‘Wannabe Tory leaders’ blamed for talks failure
May 19 2019 01:32 AM
May: seen as too weak to deliver.


The shadow Brexit secretary, Keir Starmer, has blamed “wannabe Tory leaders” for the breakdown of cross-party talks as he renewed his call for a second referendum on leaving the EU.
The government and Labour sought to blame each other after talks to find a compromise Brexit plan collapsed on Friday, leaving any remaining hopes of an imminent solution to the impasse in tatters.
While both sides insisted the discussions had taken place in good faith, Prime Minister Theresa May said that a key sticking point had been Labour splits over a second referendum, while the opposition said that May’s imminent departure from Downing Street meant that there was no guarantee any promises would be kept by her successor.
Speaking on BBC Radio 4’s Today programme, Starmer compared dealing with May and her team to trying to secure a contract with a company about to go into administration.
“The real problem was this question of how on earth do you future-proof any deal – if there was a deal – against an incoming Tory leader?” he said. “Because … the prime minister said before we started the talks that she would be going.
“It’s not for me to criticise that, that’s her judgment about when she wants to go.
“But it does mean that during the talks – almost literally – sitting in the room as we’re talking, cabinet members and wannabe Tory leaders were torpedoing the talks with remarks about not being willing to accept a customs union.”
He echoed the words of the shadow chancellor, John McDonnell, last week that the negotiations were like “trying to contract with a company about to go into administration”.
“There was a weakness, because circling around those in the room trying to negotiate were others who didn’t want the negotiation to succeed because they had their eye on what was coming next,” McDonnell had said.
He said the situation put May “in a position where she was in reality too weak to deliver, in our judgment”.
Starmer said that the government had to find a way to end the stalemate, and suggested: “They could seek to break the impasse by putting a confirmatory vote on the face of a bill.”
“But what we can’t do is just keep on buying another week at a time, which is what the prime minister’s been doing for months,” he said.
May has publicly opposed holding a second public vote.
Starmer was asked if a no-deal departure from the EU was now looking more likely.
“I don’t accept that – it’s five and a half months to go before the deadline. I don’t accept that we can’t talk to the EU about further changes to the Political Declaration, I accept the Withdrawal Agreement is a different proposition.”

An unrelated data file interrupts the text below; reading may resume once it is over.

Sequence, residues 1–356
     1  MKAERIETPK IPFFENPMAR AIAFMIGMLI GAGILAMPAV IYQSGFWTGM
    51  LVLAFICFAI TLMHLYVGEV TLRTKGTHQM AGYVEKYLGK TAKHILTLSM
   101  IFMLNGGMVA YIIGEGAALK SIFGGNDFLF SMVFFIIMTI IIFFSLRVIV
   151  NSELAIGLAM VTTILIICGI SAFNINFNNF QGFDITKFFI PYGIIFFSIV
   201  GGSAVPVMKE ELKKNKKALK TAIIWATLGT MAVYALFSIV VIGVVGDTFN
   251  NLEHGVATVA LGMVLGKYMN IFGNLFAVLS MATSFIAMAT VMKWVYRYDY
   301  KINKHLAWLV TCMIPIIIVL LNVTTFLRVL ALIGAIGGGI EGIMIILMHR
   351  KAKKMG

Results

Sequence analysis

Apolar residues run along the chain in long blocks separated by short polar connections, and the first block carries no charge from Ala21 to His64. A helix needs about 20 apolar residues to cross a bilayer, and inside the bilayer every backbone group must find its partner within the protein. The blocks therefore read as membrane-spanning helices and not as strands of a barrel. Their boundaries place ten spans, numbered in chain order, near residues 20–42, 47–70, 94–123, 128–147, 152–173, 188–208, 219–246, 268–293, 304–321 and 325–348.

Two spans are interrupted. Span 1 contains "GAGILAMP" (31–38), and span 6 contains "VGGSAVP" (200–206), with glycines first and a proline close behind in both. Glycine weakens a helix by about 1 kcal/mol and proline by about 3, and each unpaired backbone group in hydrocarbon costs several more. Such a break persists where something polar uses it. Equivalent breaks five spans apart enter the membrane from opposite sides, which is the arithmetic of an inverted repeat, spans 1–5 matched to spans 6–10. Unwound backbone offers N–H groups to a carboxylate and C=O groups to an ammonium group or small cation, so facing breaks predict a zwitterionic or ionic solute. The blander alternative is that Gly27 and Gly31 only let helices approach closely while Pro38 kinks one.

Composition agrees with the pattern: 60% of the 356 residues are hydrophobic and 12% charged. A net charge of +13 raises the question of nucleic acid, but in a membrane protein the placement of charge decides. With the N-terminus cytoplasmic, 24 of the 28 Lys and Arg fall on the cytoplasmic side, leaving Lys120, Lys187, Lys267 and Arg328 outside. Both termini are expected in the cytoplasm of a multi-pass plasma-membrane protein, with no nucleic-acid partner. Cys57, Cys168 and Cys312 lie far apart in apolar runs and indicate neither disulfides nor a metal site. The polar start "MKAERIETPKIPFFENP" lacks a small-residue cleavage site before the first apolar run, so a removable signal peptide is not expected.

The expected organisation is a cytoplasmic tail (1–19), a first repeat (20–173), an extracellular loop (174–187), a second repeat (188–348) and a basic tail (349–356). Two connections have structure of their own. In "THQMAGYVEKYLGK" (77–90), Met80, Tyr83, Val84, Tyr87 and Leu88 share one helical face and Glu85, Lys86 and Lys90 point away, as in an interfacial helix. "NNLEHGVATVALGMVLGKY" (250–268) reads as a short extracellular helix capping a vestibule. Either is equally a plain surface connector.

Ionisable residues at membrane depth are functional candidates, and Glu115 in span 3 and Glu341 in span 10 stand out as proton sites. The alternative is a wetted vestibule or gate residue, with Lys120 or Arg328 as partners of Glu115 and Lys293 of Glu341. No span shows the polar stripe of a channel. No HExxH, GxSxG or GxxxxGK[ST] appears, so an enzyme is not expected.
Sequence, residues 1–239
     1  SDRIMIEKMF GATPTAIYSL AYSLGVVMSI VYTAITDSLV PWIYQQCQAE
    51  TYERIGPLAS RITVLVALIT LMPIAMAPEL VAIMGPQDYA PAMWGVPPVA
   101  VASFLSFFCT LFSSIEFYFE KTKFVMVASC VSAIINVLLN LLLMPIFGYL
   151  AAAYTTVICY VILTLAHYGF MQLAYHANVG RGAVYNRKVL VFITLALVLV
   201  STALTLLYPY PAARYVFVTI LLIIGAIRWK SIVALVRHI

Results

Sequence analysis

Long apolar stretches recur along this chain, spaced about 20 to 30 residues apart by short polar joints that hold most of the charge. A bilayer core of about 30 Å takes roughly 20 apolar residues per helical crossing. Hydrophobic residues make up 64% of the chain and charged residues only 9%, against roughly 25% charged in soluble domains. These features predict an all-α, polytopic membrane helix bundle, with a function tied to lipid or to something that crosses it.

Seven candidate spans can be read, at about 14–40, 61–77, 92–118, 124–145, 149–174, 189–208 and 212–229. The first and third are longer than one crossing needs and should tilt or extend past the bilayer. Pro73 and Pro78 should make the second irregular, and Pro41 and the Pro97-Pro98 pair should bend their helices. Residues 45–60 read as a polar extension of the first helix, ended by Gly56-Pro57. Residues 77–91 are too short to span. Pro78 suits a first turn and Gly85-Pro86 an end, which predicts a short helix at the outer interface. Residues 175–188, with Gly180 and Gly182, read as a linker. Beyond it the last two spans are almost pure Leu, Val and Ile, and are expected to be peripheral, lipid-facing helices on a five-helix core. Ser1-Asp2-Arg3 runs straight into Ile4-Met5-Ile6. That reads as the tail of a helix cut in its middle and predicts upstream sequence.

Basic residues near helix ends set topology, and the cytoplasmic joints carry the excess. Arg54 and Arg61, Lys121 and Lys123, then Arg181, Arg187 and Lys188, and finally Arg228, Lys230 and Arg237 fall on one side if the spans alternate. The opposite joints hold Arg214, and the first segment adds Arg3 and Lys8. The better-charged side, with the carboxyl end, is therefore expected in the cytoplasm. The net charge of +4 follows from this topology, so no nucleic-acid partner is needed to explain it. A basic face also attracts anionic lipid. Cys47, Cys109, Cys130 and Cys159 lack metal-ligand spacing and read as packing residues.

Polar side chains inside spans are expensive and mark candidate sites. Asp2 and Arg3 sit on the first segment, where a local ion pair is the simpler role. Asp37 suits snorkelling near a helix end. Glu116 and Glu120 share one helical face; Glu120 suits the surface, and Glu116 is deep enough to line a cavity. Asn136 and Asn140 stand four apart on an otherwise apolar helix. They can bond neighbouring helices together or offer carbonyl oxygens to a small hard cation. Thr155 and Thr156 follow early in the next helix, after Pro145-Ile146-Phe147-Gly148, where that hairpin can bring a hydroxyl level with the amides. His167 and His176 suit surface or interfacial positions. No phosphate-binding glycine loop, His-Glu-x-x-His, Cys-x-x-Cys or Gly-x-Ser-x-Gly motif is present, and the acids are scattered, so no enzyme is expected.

His comments came as Matt Hancock, the health secretary, said that May’s successor should not call a general election until Britain had left the EU.
He said an early poll could hand the keys of No 10 to the Labour leader, Jeremy Corbyn, and risk “killing Brexit altogether”.
Hancock said that it is essential that the Conservatives delivered on the 2016 referendum result in the current parliament.
A poll of Tory members made Boris Johnson the frontrunner to succeed May after she bowed to pressure and agreed to set a timetable at the start of next month to elect a new leader.
In an interview with the Daily Telegraph, Hancock, who voted remain in the referendum, said: “I think a general election before we’ve delivered Brexit would be a disaster. People don’t want it. We need to take responsibility for delivering on the referendum result.”
May is to make one final attempt to get her Brexit deal through parliament when she introduces the withdrawal agreement bill (Wab) in the Commons in the first full week of June.
However, after the cross-party talks collapsed, few in Westminster give her much chance of success.
The Labour Party and rebels within May’s Conservative Party have said that they plan to oppose it.
Whatever the result, May has agreed to meet the chair of the 1922 Committee of backbench Tory MPs, Sir Graham Brady, after the vote to agree a timetable for the election of her successor.
Nearly three years after the United Kingdom voted 52% to 48% in a referendum to leave the EU, it remains unclear how, when or even if the country will leave the European club it joined in 1973.
The current deadline to leave is October 31.

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